Private efforts were not enough to treat the ills caused by the unchecked capitalism of the Gilded Age, however, an age that brought tremendous wealth to some Americans and tremendous poverty to others. During the first depression occasioned by this split between the haves and the have-nots in 1890, private relief organizations could not cope. "In Mulberry Bend, the heart of the Italian district, one-third of all babies born in 1888 died before their first birthdays. Traditional agencies such as the Children's Aid Society and the Salvation Army were overwhelmed, incapable of meeting the demands placed on their services." (Huff, Social Work, 2000, Chapter 1, p.4) "The old shibboleths commonly accepted as the major causes of poverty, low character, indolence, and intemperance, were replaced with more systemic theories," that sought economic and social causes as the cure, rather than moral reform. (Huff, Social Work, 2000, Chapter 1, p.6)
During this time, Jacob Riis, the urban photographer, shook the consciousness of middle-class New Yorkers as he showed a photograph of a destitute Jewish man, celebrating the Sabbath in a filthy tenement. Despite his poverty, the man still lit candles and cut challah bread, his only meal for the day. This photograph summed up the 'scientific' studies of poverty that sought to understand why poverty occurred, rather than merely detail the dirty or immoral conditions in which poor dwelt. For example, one such study conducted in the city of New York found that "only ten percent of the city's poverty was caused by shiftlessness and intemperance. The most substantial causes were found to be unemployment, sickness and industrial accidents. In 1896, Josephine Shaw Lowell, stalwart leader of the COS movement and previously a staunch proponent of traditional charity organization policies said, 'it seems often as if the charities are the insults which the rich add to the injuries they heap upon the poor." (Huff, Social Work, 2000, Chapter 1, p.6)
These sentiments sowed the seeds for the beginnings of a profession of social work, as opposed to volunteer and missionary impulses on a private level. The case study or individualistic model as the sole mode of treating poverty was seen as inadequate and quite simply wrong. In 1915 Abraham Flexner delivered a speech, "Is Social Work a Profession?" At the National Conference on Social Welfare. (Foster, 1996) Social work had to address larger causes than simply individual moral blight, and needed to do so in as trained a fashion as the early social welfare activist and nurse Clara Barton treated the bodies of her wounded patients.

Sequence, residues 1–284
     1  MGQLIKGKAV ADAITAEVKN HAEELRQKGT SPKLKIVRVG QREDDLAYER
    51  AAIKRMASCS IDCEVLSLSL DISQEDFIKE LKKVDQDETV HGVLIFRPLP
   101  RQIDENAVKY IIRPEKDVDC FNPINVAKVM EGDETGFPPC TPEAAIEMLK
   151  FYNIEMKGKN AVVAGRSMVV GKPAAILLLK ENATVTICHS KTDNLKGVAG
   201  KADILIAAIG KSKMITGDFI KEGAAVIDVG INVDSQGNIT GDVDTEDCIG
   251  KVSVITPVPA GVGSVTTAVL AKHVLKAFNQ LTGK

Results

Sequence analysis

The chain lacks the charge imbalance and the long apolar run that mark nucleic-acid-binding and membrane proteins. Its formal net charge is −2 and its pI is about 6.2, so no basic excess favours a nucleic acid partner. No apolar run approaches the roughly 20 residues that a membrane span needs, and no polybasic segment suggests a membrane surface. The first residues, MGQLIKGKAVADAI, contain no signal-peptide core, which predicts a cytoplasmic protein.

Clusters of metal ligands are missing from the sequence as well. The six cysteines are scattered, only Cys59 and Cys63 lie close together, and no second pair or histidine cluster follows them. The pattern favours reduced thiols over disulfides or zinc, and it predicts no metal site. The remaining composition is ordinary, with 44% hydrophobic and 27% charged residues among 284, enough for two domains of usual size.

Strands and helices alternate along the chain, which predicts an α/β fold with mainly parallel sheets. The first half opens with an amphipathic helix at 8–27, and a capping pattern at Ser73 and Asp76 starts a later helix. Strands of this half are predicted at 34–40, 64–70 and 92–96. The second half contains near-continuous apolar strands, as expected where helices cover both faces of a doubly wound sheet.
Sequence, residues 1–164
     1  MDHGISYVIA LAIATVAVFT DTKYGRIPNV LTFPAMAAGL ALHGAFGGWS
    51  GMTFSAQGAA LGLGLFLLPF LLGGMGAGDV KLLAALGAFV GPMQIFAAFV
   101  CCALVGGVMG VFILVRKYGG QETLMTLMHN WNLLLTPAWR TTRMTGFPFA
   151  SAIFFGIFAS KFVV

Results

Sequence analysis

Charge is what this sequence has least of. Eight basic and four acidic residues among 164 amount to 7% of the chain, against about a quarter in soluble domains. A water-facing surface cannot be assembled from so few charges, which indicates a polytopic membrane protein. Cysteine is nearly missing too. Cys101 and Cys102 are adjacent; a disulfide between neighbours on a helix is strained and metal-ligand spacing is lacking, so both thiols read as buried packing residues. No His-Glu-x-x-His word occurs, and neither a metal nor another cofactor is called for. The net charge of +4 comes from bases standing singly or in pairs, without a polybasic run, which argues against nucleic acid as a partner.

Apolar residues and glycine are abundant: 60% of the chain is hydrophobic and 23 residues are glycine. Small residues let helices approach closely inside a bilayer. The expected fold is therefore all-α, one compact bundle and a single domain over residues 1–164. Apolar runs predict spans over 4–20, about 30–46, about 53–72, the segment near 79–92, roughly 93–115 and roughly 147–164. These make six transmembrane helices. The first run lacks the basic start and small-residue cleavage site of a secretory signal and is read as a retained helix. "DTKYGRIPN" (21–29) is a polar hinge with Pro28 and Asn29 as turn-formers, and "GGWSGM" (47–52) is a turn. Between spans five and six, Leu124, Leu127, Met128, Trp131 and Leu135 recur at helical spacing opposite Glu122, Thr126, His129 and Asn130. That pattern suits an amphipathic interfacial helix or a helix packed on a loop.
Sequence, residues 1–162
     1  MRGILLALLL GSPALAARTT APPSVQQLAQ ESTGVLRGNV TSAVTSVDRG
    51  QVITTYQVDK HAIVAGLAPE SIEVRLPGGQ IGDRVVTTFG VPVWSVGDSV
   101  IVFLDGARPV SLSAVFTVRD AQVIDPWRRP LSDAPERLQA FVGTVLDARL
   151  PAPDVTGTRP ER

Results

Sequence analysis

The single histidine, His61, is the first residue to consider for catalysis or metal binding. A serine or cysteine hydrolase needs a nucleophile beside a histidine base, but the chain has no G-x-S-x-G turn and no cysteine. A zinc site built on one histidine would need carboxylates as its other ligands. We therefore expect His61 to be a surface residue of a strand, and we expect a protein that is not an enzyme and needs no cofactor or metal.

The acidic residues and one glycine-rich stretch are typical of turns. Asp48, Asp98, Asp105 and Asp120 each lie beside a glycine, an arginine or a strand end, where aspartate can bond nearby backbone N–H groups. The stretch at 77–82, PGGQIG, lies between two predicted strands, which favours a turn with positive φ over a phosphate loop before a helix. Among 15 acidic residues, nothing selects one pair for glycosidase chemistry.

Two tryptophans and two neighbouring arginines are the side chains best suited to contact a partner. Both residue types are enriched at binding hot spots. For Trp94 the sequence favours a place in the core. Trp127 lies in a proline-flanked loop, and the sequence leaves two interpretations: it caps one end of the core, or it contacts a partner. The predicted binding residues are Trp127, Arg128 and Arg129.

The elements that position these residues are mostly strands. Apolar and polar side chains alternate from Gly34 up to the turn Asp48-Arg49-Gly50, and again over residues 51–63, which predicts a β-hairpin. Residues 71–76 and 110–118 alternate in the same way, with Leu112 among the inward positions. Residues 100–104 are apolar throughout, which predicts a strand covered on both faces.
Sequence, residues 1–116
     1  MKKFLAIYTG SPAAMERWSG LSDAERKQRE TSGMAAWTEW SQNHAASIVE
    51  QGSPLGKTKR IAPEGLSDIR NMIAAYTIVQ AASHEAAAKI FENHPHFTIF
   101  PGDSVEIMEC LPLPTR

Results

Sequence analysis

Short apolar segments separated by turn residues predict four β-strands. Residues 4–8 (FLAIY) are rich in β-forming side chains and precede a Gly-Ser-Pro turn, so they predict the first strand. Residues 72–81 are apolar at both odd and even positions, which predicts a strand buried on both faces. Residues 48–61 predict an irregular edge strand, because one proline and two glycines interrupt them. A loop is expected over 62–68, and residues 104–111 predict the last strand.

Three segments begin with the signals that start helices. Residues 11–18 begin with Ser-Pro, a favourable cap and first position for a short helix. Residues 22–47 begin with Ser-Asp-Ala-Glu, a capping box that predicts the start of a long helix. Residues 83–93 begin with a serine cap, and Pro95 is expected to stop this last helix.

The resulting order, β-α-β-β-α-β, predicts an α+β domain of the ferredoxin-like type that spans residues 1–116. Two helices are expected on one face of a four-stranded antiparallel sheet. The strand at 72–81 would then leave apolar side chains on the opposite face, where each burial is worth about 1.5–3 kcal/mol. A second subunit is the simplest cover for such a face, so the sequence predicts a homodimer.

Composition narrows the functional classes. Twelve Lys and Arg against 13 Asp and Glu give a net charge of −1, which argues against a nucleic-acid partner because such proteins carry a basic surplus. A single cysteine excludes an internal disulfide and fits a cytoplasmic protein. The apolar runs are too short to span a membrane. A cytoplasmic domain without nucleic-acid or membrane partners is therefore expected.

After the Great Depression, the federal government became increasingly involved in the lives of ordinary American workers, and attempted to provide a safety net for the poor, elderly, and the young through such long-standing programs as Social Security. Later, Lyndon Johnson would attempt to carry on Roosevelt's legacy, even during a time of American prosperity through such programs as the early educational initiative Head Start. (Foster, 1996) However, the federal government's increased involvement in the lives of needy American did not spell the end of private organizations of charity, nor of the individualistic case model for addressing social ills. Social workers as a profession, however, as paid individuals with ethical and professional rules to follow, would now attempt to aid and counsel, not to judge those individuals whom they helped. The poor were no longer labeled as deserving or undeserving, as they were in the eyes of the prototypical 'friendly visitor.' Today's social workers attempt to strike, rather a friendly balance between the moral impetus of the late 19th century, and the diagnostic model of social researchers seeking scientific causes of social ills. The needs of individual, culture, society, and political policy must all be taken into consideration, though the moral focus upon the individual may have dominated the field during its 19th century conception.
Murray, Jill. (1996) "The Social Work History Online Time-Line." The School of Social Work. Retrieved 10 Nov 2005. http://www.gnofn.org/~jill/swhistory/
Huff, Dan. (2000) Social Work: Progress and Reform. A Cyberhistory of Social…